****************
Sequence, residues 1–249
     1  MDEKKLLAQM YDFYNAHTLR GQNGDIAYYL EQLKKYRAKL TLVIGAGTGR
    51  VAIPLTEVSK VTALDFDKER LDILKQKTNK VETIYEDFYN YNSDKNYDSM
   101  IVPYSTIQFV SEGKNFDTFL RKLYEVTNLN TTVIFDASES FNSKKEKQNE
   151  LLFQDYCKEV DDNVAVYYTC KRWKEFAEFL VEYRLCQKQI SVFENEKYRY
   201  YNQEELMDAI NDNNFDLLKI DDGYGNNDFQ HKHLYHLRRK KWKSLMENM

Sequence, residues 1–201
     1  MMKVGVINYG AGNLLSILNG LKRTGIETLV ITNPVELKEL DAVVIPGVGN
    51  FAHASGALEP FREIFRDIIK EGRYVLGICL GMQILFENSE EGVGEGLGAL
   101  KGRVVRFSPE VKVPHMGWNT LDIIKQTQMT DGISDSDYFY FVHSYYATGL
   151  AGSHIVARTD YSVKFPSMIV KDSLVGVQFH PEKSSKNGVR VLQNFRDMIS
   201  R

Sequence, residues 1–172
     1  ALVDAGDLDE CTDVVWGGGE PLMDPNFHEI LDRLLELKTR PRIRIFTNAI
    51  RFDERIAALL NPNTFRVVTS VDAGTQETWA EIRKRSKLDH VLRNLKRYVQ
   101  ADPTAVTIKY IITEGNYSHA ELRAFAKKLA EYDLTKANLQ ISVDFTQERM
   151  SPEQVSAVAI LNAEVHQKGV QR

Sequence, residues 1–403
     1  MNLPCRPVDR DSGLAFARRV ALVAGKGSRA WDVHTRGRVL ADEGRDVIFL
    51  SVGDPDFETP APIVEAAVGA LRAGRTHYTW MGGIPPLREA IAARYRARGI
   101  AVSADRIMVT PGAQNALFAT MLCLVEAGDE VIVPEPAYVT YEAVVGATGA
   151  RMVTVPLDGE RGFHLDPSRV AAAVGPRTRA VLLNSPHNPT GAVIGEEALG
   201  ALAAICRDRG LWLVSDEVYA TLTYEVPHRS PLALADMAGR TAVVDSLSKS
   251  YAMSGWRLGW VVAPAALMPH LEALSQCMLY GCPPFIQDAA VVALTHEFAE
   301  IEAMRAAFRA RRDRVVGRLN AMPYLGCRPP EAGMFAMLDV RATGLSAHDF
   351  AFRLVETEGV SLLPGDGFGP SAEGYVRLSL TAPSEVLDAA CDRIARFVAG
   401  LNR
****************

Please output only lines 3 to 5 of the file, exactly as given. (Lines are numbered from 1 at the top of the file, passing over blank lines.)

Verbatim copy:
    51  VAIPLTEVSK VTALDFDKER LDILKQKTNK VETIYEDFYN YNSDKNYDSM
   101  IVPYSTIQFV SEGKNFDTFL RKLYEVTNLN TTVIFDASES FNSKKEKQNE
   151  LLFQDYCKEV DDNVAVYYTC KRWKEFAEFL VEYRLCQKQI SVFENEKYRY